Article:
Keep your first few animations simple and linear. Create a fly moving along a vector horizontally or in a figure eight. As you become more comfortable with visualizing the animation, attempt more difficult projects. Don’t be afraid to abandon something you’ve begun if it becomes clear it will exceed the size limit. If it becomes apparent that your project is beyond your skill set, drop it and try something simpler. Learn to use the liquefy filter or warp mesh (or whatever shaping tools your software offers) to make an eye blink or a mouth smile. Always insist upon the highest resolution. If your animation requires a reduction in resolution to meet the size restriction, you’ll end up with a grainy piece of crap. If the animation is perfect to your eye, but above the size limit, try adding a white border to each frame, then resizing your individual animation frames. Almost all of my animations are 500x375—the same aspect ratio as 1280x960. Work in the native size and reduce to this size, and you should have no difficulties. Practice. Enter your results in competitions. Ask for feedback.
The most important thing you can do is study the work of other animators. You can save a GIF, import it into your animation software, and study it frame by frame. You won’t be able to look at their layered working files, but you’ll be able to observe the changes they produced frame by frame. When you ask the question, “How did he do that?” you should be able to figure it out by examining the frames.
Just as apprentice carpenters copy journeymen to become better carpenters, so novice artists copy masters to become better artists. Study these examples from some of our resident GIF makers:
Summary and Tips
• Determine if a source image can be animated and if it can be accomplished effectively within the size constraints.
Need help? Have questions?
• Avoid animation concepts that involve large areas of movement. The greater the movement, the greater will be the size of the animation file. A small element such as a housefly moving across a fixed background can result in a very smooth and pleasing animation of ninety frames or more. A large element such as a moving background of changing scenery may result in an unpleasantly jerky animation of three or four frames. Smaller is generally better.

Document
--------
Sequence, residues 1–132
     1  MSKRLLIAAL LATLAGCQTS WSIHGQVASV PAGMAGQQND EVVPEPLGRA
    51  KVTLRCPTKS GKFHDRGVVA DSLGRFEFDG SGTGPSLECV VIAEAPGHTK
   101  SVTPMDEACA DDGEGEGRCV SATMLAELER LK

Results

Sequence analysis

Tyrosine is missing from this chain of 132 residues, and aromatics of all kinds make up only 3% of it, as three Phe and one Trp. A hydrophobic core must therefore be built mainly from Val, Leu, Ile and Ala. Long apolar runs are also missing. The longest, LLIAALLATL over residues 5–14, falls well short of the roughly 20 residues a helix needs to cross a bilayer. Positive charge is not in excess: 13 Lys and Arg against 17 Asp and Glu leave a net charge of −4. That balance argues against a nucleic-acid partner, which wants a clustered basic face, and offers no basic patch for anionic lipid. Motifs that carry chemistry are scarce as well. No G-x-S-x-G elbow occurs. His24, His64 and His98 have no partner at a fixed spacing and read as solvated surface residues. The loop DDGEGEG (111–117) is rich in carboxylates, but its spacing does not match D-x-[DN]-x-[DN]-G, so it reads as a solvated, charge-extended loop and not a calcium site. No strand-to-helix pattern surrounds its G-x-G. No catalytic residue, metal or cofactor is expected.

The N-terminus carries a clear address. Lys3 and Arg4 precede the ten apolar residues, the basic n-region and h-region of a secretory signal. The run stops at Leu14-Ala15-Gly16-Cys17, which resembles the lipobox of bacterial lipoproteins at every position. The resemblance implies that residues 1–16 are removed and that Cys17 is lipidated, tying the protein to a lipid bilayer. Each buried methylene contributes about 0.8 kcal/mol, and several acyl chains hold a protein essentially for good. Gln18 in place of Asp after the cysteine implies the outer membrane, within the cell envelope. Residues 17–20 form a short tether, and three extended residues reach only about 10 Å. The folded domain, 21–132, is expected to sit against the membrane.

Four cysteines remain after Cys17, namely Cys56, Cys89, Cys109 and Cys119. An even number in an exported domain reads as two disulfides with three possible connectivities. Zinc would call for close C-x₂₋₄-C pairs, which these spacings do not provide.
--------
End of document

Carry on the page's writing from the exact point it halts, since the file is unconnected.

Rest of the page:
• Work from the source image in its native size. Resize at the end of the process.
• Isolate the moving elements from the source image by placing them in their own layers.
• Clean up the source image for use as the animation background as well as you would for a static image. An alternative is to supply a completely new background.
• Add any external moving elements in their own layers. Each independently moving element, whether external or from the source image, must be in its own layer.
• Make test animations to ensure the finished product will have the desired fluidity of movement within the file size constraint. It is often useful to make a partial GIF animation to see how an element appears in motion, or how two or more elements interact.
• Always strive for the highest available resolution. Use the white border technique to reduce size, if necessary.
• Use vector layers for guides.
• Hide and expose elements as needed in the creation of individual frames.
• Save the frames as separate images.
• Tinker with the timing (frame duration) until you get the exact motion effect you seek.
• Save your layered working file, but delete your individual frame images once GIF has been created. This will save storage space.
• Make your finished product 500x375, because it is a simple reduction of 1280x960 with the same aspect ratio.
• Carefully study the work of others.